import io

class Employee()
   public const name, age

   public new(name, age)
      self.name := name
      self.age := age
      return
   end
end

procedure main()
   local e
   e := Employee("Mary", 30)
   write(e.name, ",", e.age)   # Writes Mary,30
   e.age := 25                 # Runtime error
end

A method cannot be declared const.

Substitution and constant folding

Fields which are declared public static const, and are assigned to a literal value (string, cset or numeric) in the init() method, normally have this literal value substituted for any use of the field in the program. Thus the line write(Maths.PI) in the example above will generate the same code as the line write(3.14). This saves a field access at runtime, and also lets the translator apply constant folding on the substituted value. Thus the expression 2 * Maths.PI * radius would generate the same code as 6.28 * radius.

readable

The readable modifier must always be specified together with either the private, package, or protected modifier. It indicates that the field is accessible in a read-only fashion, where it would otherwise be inaccessible, based on that other modifier.

So for example, consider the following class :-

import io

class X()
   private readable v

   public f()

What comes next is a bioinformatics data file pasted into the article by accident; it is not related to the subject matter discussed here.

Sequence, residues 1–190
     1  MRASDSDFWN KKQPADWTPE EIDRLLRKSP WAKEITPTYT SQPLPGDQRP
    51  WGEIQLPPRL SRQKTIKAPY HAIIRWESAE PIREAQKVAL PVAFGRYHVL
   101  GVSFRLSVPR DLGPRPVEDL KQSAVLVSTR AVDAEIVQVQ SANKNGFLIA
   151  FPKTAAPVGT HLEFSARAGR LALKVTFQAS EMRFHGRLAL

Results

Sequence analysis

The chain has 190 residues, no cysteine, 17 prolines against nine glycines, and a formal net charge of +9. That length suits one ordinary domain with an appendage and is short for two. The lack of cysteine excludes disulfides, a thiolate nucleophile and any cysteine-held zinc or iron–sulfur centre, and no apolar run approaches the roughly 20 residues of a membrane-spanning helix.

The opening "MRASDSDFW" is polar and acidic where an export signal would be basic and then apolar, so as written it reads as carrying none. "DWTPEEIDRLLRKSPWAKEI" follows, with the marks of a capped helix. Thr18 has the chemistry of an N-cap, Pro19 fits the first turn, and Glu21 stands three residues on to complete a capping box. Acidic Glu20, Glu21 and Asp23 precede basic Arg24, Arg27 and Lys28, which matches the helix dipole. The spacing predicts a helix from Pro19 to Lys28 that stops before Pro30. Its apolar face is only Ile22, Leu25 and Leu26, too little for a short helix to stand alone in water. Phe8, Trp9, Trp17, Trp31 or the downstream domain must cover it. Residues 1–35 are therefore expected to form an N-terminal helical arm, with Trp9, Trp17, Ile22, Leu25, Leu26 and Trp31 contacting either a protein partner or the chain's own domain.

v := 100
   end
end

procedure main()
   local x
   x := X()
   x.f()
   write(x.v)   # Okay, prints 100
   x.v := 101   # Runtime error
end

The field v can be read and assigned to within X, but can only be read from outside of X. Without the readable modifier, it would not be accessible at all outside of X, so the access in write(x.v) in main() would give a runtime error.

Note that a public field cannot be declared readable, because it is already readable everywhere. Nor can a method be declared readable.

final

An instance method can be declared final. It indicates that the method cannot be overridden. So, for example, the following will give an error during linking because the method f() in Y overrides f() in X, which is marked final.

class X()
   public final f()
   end
end

class Y(X)
   public f()
   end
end

A class can also be marked as final, and in this case it means that the class cannot be subclassed by another class. So for example, this is not allowed :-